Isotropic - Isotropic Turbulence A Summary of Tony...

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Unformatted text preview: Isotropic Turbulence A Summary of Tony Burden’s Lectures, Spring 2003 Strictly speaking, isotropy, i.e. independence of orientation (riktning), implies homo— geneity, i.e. independence of position in space. In most situations, all the averaged properties of isotropic turbulence can also be assumed to be invariant under reflection in space. Notation A number of different notations are used for the mean velocity and the fluctuating part of the velocity in turbulent flows. In this chapter, a fluctuation, i.e. the difference between an instantaneous physical quantity and its mean, is denoted by a lower—case letter, 6.9. u. Some alternative notations are given in the following table. inst. mean fluct. previous chapters u U u’ this chapter 7 U u Pope (2000) U <U> u Tennekes & Lumley a U u The operation of forming an average will be denoted by angular brackets, = 0. A. Singlepoint and Two-Point Velocity Correlations Singlepoint correlations In isotropic turbulence, the Singlepoint correlations satisfy, <u2> : <v2> : <w2> while <uv> : <vw> : <wu> : 0, who so that we can define u?) : <u2> : write, = = = u?) with <u1u2> — K. ( uT 2 uo. ) In Cartesian coordinates, we can I /\ : [\D : 0.3 v | /\ : OJ : H v | O i.e. W W = US 5117‘- Two-point correlations Tvvo—point velocity correlations retain more information on the structure of turbulence than singlepoint correlations. In isotropic turbulence, which is also on average invariant under reflection in space, there are only two independent, non—trivial, tvvo—point velocity correlations; the longi— tudinal covariance, f, defined by, ugflr) = <u(6,t)u(ré’x,t)> = <v(6,t)v(r5y,t)>, and the transverse covariance, 9, defined by, —» ugg(r) = <v(0,t)v(ra,t)> = <u(0,t)u(r5y,t)>. The general tvvo—point correlation, t)uj(f’, t)>, must be a proper tensor func— tion of u?) and F = i” — f. Dependence on any other combination of f and i” is ruled out by spatial hornogeneity. When the turbulence is on average invariant under reflection in space, the tvvo—point correlation can be written in the form, <ui<at>uj<az+m>> = u3{g<r>6zj + (M —g<r>>’””"‘}. T2 The continuity condition; aim<ui<awuj<5+m>>= 0 : 9(7”) 2 5r——|—f(r). Integral length scales Using the tvvo—point correlations, we can give the large length scale, ZT in Ch. 4, a precise definition. The integral length scales are large length scales, A N ZT, defined by, A, = /Ooof(r)dr 2 W12, Am<u(6)u(xax)> dx, and Taylor rnicroscales The Taylor rnicroscales are quite small length scales defined by, A’ : {43(0)}1/2 and At 2 {—gianll/Z' In isotropic turbulence the Taylor rnicroscales have the same order of magnitude; gm : pawn) :> A; 2 Via. The Taylor rnicroscales are intermediate length scales, ZT N A > /\ > 77 = ZK. The Taylor rnicroscale can be defined more generally, and more loosely i.e in an order—of—rnagnitude fashion, in terms of the correlation of velocity gradients vvhich dorn— inates the dissipation, au‘ au‘ u2 1/112 1 1 N —T <—> 5 N T 81] 81“, A2 A; ' The expressions for the dissipation which are given in the next subsection show how these relations are satisfied in isotropic turbulence. (A physical understanding of /\ in terms of a particular scale of structures in the turbulence is still dificult to achieve since the velocity scale uT in 5 N l/UZT/Ag is ‘vvrong’ in the sense that it characterizes the large energy—bearing eddies while 5 and 1/ characterize the small dissipative eddies.) The order—of—rnagnitude estimate for 5 in high—ReT turbulence yields the scale re— lations: 2 3 2 uT uT , vuT /\ /\ _1/2 5 lT/UT ZT W1 5 A2 —> ZT A eT In terms of the Kolornogorov rnicroscales, 2 2 vuK , vuT uT 77 _1/4 5 _ — Wlth 5 N — —> /\ N — —> — N RC . lg A2 UK ’7 /\ T Example: The earth’s planetary boundary layer (ReT N 108); llern, /\N0,1rn, 77N1rnrn. Viscous dissipation In terms of the two—point velocity correlations, the mean rate of viscous dissipation of the kinetic energy of the turbulence is, 2 _ + 8111‘ _ V 81182:, — V 8.1] 8x, — V 8x, 8x, m | | 2 2 15w 2 30— A; A; In the last line the Taylor microscales, /\l and /\t, have been introduced. Exercise (inldrnmgsévnmg) Check that the two—point velocity correlation <ui(f7t)uj(f+ F,t)> : u?) {g(7”)6ij -|— — 90)) mm} r2 reduces to <ui(f,t)uj(f,t)) : 1136,, in the singlepoint limit, 7“ —> 0. Recommended course reading Sec. 6.3 ‘Tvvoipoint correlation7 in “Turbulent flows77 by S. B. Pope, C.U.P., 2000. Alternative recommended reading “Turbulence”, J.O. Hinze, McGravv—Hill (1st edition, 1959; 2nd edition, 1975). pp 53—56 & 65—66 in Landahl & Mollo—Christensen (1986). Secs 5.1 & 5.2 in “Introduction to Turbulence77 by RA. Libby (1996). Sec. 3.1, ‘Velocity correlations and spatial scales’, in ‘An introduction to turbulent flovv’, J. Mathieu & J. Scott, C.U.P., (2000). Sections 19.4 and 20.2 in “Physical Fluid Dynamics77 by D.J. Tritton, O.U.P., 1988. B. The wave-number spectrum of isotropic turbulence TWO—point velocity correlations do not readily yield information on length scales which are smaller than the Taylor micro—scales. This information is contained in correlations of two—point velocity differences, 17(f—l— it) — Wit), and in correlations of velocity derivatives. The Fourier transform filters this information out of the two—point velocity correlations. This is one reason for studying the vvave—number spectrum. Another reason is that the dynamical equation governing the two—point correlation is a little bit less difficult to solve in vvave—number space, i.e. after Fourier—transforming with respect to the separation between the points, F. This is particularly true of terms which contain the pressure fluctuations, p. (The derivation of the dynamical equation is not included in the examination for this course.) The Fourier vvave—number spectrum of homogeneous turbulence is defined by, A 1 00 (Fifi/at) : / <ui(f,t) uj(f—|—F,t)> €Xp(—i/§.F) d377, —00 so that the inverse formula yields the spectral representation, w /\ <ui(f,t) u,(5+m)> = / CI),,(/%’,t) expo/3F) (13/3. —00 Remember that small lengthscales correspond to large wave numbers and, vice versa, large lengthscales to small wave numbers. General basic properties The velocity is real so : ui(f,t) Where . denotes complex conjugation. NOW, using the definition of EISZ‘fl/at) above, [$i1(’¥vt)] * (271,3 /00 <Ui(57t) uj(f-l-F,t)>* eXpfiH/KF) d3? (2717)?) /00 <ui(fvt)uj(f+77,t)> exp(—i(_,§) .F)d3,:’ : $ij(_gjt)‘ —00 The ‘usual’ relation in fourier analysis. In statistically homogeneous turbulence the tvvoipoint correlation remains unchanged when the position f is shifted to another point i"; <ui(f,t)uj(f—l—F,t)> = <uj(f—|—F,t)ui(f,t)> = <uj(f’,t)ui(f’—F,t)>, Where 5’ : f—l—F so that f : f’—F. The definition of the Fourier wave—number spectrum implies now that7 A _} 1 00 _} (PM/W) = (2mg/ <uj($'at) 1 00 r 277 wows/cat) >3/ A —» ‘13ng E337: (—E).(—T) = (—H).F’ Where F” = —r, In isotropic turbulence the spectrum is independent of the distinction between I? and —/3 so7 crux—lat) = (EA/at), @jpat) = (EA/at), and [chm/2,0] = (Tux/at). The continuity condition a A —<ui(f,t)uj(f—l—F,t)> = 0 : MCDME’J) = 0. arj Together With the symmetry property Which comes from spatial homogeneity this yields7 K : §<ui<m>ui<f+ow>> = / %<’I3n<l%3t>1d3fi —OO / %%$ii(fi,t)a2dflfida, 0 When the three—dimensional integral over wave—number space is expressed in spherical coordinates. The mean kinetic energy of the turbulence can be written in the form7 K 2/ E(H,t)d/£, 0 Where7 is the scalar spectral energy density of the turbulence, given here by its most general definition. For simplicity we will use the scalar spectrum EM, t) rather than the tensor spectrum EMA/at) whenever possible. Isotropic turbulence The vvave—number spectrum, EMA/at), must be a proper tensor function of I? that sat— isfies the continuity condition. In terms of the scalar spectral energy density, EM, t), it can be written in the form, A _, E(H,t) Hifi‘ (Fifi/fit) = 47TH2 {6ij— J}7 H2 for turbulence that is invariant under spatial reflections. In isotropic turbulence, the scalar spectral energy density is given by, mm) = 2M? Eng/at). Exercise (inldrnmgsévnmg) Derive a relation between and (This requires some familiarity with three—dimensional, spherically symmetric integral transforms.) Dissipation rate In terms of the scalar spectral energy density, the viscous dissipation of kinetic energy of homogeneous turbulence is given by, 2 6 = 1/ [—838Tj <ui(:1:,t)ui(:1:—l—r,t)> 2/ 2VH2E(H,t)dH 0 The Equilibrium range of wave numbers (High ReT) When ReT >> 1, the small scales are in quasi—eqiuilibrium with the large energy—bearing scales 7 see Ch. 4. In terms of the scalar vvave—number, H, the small scales can be defined by, 2 —7T<<A => HA>>27T>1, H 7.6. H is large. This range of wave numbers is characterized by the mean rate of transfer of energy from the large scales to the small scales, 7.6. by E(t). Mathematically, for the scalar spectral energy density, this can be expressed by, E(H,t) : Feq.(€(t),/£,l/> When HA >> 1. (Where ‘eq.’ stands for ‘equilibrium’). (The way in Which time, t, appears in this equation gives a concrete example of What is meant by quasi—equilibrium.) The Inertial sub-range of the Equilibrium range (High ReT) When ReT >> 1, A N Re3T/477 >> 77 Which means that there Will be a substantial range of wave numbers satisfying, 271' 1 1 A>>—>>77 0r —<<H<<—. H A 77 In this range, 27T/H >> 77 , i.e. H77 << 1, implies that Viscous processes are negligible (hence the name inertial). Mathematically, for the scalar spectral energy density, this means that, E(H, t) : FKO (E(t), H), Where ‘Ko’ stands for the Russian scientist Kolmogorov. Now, dimensional analysis yields, E(H,t) : a52/3H_5/3 7 Which is often refered to as the Kolmogorov spectrum. The Equilibrium range including the Dissipation sub-range (High ReT) Using FKO : a52/3H_5/3 to express F601,, E(Hvt) = 0662/3/i—5/3feqlm7), in the Whole equilibrium range, HA >> 1, Which can be divided into sub—ranges according to;. the inertial sub—range H << Hd H77 2 0 and feq.(/£77) 2 1 the dissipation sub—range H 2 Hd 21/H2E has a maximum at H77 < 1 the far dissipation sub—range H >> Hd feq. —> 0 exponentially When H77 —> 00 Where Hd : 277/77. Recommended course reading Sec. 6.5 ‘Velocity spectra7 in “Turbulent flows77 by S. B. Pope, C.U.P., 2000. Secs 8.1—8.4 in Tennekes & Lumley (1972). Alternative recommended reading “A Model of Turbulence”, Leo P. Kadanoff, Physics Today, September 1995 pp 59—64 in Landahl & Mollo—Christensen (1986). Sec. 5.2 in “Introduction to Turbulence77 by PA. Libby (1996). Ch. 6, ‘Spectral analysis of homogeneous turbulence’, pp 2397245, in ‘An introduction to turbulent flow’, J. Mathieu & J. Scott, C.U.P., (2000). Sec. 6.4 ‘Conse uences of isotro 7 in ‘An introduction to turbulent flow7 J. Mathieu 7 q py 7 7 & J. Scott, C.U.P., (2000). Sections 19.5 and 20.3 in “Physical Fluid Dynamics77 by D.J. Tritton, O.U.P., 1988. C. The Dynamical Equations The dynamical equation for EM, t) in isotropic turbulence can be derived in a straight— forward way from the dynamical equation for the two—point velocity correlation via the dynamical equation for (Fiji/3, t). (The derivation of the dynamical equation is not included in the examination for this course.) The two-point dynamical equation In the absence of a mean flow, the fluctuating instantaneous velocity satisfies, , 2 i am : a mu; I a — lap -|- a uz at 891:; 81:; p896, delaxl‘ Together with, 8 _, _, 8m _, _, _, 8w _, a<ui($1,t)uj(x2,t)> 2 <8, ($1,t)uj(:1:2,t)> + <ui(:1:1,t)a—t‘7(:1:2,t)> this leads straightforwardly to, g<ui(f1,t)uj(f2,t)> = a —» —» —» a —» —» —» — <ui(:1:1,t) uj(:1:2,t) ul(:1:1,t)> — am I <ui(:1:1,t) uj(:1:2,t) ul(:1:2,t)> 2 891:2, 82 a? a a I V<8$118x11 I 8$218$21)<ui($17t)uj(x27t)>. This equation is subjected to a coordinate transformation, {51,172} —> {77, :17}, where, —» —» —» —» —» $1 1' 7” $2 —$1 —» $2 —» —» f—l—F :1: 91:1 so that f is a ‘position’ and F is the separation between the two original points. The spatial derivatives are given by 10 In spatially homogeneous turbulence, averaged quantities depend on F but not on f Calm : 0’) so that the tvvo—point dynamical equation becomes, g<m<m>uj<£+m>> = 82 _, _, _, +21/8rlarl <ui(:1:,t) uj(:1:—|—r,t)> The presence of third—order velocity correlations in the dynamical equation for the second—order correlation is an example of the general closure problem. In the singlepoint limit, i.e. when 7“ —> 0, a —» —» —» —» a —» —» —» —» —» — <ui(:1:,t) uj(:1:—|—r,t) ul(:1:,t)> — — <ui(:1:,t) uj(:1:—|—r,t) ul(:1:—|—r,t)> —> 0. 87”] 87”] (The Fourier transform of this expression is the rate of transfer of energy through spectral space, T(H,t), and the fact that it vanishes in the singlepoint limit leads to fooo T (1% = 0.) Exercises (inldrnmgsévnmgar) Show that <p_1p(f,t) uj(f—|—F,t)> : 0 in isotropic turbulence. Show that, in homogeneous turbulence, the contracted forms of the pressure terms vanish; a 1 _, _, _, _ 8,, <5pw>ul<x+m>> — o, and, a 1 _, _, _, _ an <;p(:1:—|—r,t) u,(:1:,t)> — 0. 11 The dynamical equation for the energy spectrum In isotropic turbulence, the energy spectrum, E, can be written in terms of the two—point velocity correlation in the form, A 2 2 00 mm) = 2m2q>,,(/z,t) = (27:33 / (ui(f,t)ui(f—|—F,t)) eXp(—iH.F)d3H, —00 so the dynamical equation governing E can be obtained by first contracting = :> sum) and then Fourier transforming the equation for the two—point velocity correlation, a 27TH2 00 a _, _. _. ._. 3_. EE — (2F)3/ a (ui(:1:,t)u,(:1:—|—r,t)) eXp(—1H.F)dH. —00 The resulting equation is written in the form, 8E — = T — 21/H2E. at 21/H2E(H,t) is the rate of viscous dissipation of energy at scalar wave number H 7 see the end of sec. B. TM, t) is the Fourier transform of the terms containing third—order correlations in the two—point equation. The detailed expression for T(H,t) is a bit complicated and contains the third—order spectrum which has not been defined in these notes. Since the terms containing third—order correlations in the two—point equation vanish in the singlepoint limit, i.e. when r —> 0, T(H,t) satisfies, / T(H,t) dH : 0. 0 TM, t) is the net effect on EM, t) of the non—linear inertial spectral transfer of the mean kinetic energy of the turbulence from large scales (small H) to small scales (large H). Consequently, T(H,t) is negative for small H and positive for large H. In terms of the spectral transfer of energy, 5f, discussed in Chapter 4 of these notes, the transfer out of the energy—bearing eddies (small H) is, 6f 2 —/ T(H,t)dH, 0 and the transfer into the dissipating eddies (large H) is, 6f 2 / T(H,t) dH, inert where Hinert is a wave—number, any wave—number, in the inertial sub—range of the equi— librium range. 12 The equation for EM, t) is not closed. TM, t) has to be modelled in terms of EM, t) before E(H,t) can be calculated. The singlepoint limit The singlepoint limit7 7“ —> 07 is achieved by integrating over all wave numbers; 31:: 1/ Eda / 0 0 dt dt 2/ TdH—/ Zl/HZEdH 0 0 20—5. 8_Ed,fi t 8 This is just the K—equation that was obtained for homogeneous turbulence in the absence of mean shear in Chapter 3 of these notes. Recommended course reading Sec. 6.6 ‘The spectral View of the energy cascade7 in “Turbulent flows77 by S. B. Pope7 C.U.P.7 2000. Alternative recommended reading pp 59—64 in Landahl & Mollo—Christensen (1986). Sec. 5.2 in “Introduction to Turbulence77 by RA. Libby (1996). Sec. 6.37 ‘Spectral equations Via correlations in physical space’7 in ‘An introduction to turbulent flovv’7 J. Mathieu & J. Scott7 C.U.P.7 (2000). Sections 20.2 and 20.3 in “Physical Fluid Dynamics77 by D.J. Tritton7 O.U.P.7 1988. 13 ...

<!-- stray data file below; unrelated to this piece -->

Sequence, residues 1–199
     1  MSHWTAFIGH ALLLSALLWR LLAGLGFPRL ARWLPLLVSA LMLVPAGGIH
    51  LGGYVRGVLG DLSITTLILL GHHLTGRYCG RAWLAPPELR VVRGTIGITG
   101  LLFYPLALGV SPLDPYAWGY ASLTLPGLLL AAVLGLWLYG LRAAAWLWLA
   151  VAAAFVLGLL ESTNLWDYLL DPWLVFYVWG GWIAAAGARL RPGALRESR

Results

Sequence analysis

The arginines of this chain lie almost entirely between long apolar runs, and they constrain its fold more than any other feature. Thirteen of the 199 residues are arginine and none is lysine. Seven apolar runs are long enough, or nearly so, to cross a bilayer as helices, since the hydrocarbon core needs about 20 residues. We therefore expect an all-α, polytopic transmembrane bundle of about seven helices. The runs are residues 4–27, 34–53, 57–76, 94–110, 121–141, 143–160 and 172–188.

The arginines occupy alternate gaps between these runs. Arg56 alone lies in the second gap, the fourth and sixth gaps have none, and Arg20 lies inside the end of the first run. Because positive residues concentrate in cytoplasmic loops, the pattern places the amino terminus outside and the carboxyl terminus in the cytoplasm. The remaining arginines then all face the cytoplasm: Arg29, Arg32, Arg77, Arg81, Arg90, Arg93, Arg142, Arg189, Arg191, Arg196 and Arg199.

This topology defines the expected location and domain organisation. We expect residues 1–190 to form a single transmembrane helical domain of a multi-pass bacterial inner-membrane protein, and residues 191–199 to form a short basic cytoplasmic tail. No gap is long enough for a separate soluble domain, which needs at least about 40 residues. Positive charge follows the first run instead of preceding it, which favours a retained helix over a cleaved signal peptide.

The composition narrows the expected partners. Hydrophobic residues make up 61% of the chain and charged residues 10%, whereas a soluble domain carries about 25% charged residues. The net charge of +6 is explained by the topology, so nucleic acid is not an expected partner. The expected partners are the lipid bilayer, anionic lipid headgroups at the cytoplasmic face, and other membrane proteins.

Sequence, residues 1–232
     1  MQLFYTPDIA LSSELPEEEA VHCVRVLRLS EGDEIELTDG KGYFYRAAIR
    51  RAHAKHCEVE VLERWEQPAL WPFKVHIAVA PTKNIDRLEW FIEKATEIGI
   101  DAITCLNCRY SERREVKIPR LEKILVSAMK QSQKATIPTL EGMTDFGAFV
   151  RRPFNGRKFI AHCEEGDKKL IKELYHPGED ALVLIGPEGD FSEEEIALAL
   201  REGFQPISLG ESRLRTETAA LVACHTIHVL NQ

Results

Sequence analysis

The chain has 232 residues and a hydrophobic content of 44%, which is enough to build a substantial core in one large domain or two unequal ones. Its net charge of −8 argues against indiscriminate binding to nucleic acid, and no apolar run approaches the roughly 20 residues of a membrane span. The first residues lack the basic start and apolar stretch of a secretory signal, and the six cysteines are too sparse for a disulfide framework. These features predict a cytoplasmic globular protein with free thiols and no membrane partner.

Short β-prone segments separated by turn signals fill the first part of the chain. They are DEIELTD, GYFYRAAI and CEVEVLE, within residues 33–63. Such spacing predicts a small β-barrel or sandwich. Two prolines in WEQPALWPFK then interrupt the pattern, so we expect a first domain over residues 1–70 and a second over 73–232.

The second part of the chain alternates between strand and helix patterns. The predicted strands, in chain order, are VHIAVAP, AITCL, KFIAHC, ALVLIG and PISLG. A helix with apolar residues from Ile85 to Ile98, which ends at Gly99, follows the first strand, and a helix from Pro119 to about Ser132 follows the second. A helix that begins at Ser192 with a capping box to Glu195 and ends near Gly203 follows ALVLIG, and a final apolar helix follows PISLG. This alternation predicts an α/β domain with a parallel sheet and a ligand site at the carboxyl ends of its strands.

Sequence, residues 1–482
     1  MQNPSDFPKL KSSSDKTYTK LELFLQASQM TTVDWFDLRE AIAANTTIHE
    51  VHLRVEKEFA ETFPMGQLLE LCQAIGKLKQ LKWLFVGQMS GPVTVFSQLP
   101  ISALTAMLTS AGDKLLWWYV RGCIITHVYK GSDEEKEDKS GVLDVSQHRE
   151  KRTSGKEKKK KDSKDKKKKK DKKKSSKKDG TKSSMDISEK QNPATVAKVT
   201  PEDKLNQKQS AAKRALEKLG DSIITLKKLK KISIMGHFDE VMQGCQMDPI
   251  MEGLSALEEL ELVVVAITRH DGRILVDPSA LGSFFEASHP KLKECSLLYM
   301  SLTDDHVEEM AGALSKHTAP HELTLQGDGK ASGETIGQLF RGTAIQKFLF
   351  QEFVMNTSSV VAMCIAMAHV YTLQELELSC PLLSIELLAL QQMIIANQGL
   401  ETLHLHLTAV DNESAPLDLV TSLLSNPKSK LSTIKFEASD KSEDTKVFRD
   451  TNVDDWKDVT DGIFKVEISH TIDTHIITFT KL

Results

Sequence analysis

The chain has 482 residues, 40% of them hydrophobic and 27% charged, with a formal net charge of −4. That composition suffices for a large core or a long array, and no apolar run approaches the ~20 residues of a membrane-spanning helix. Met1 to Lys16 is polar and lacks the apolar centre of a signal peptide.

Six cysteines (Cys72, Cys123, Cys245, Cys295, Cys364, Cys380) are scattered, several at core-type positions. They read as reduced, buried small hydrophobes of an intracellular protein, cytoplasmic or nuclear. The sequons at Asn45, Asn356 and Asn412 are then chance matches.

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Isotropic - Isotropic Turbulence A Summary of Tony...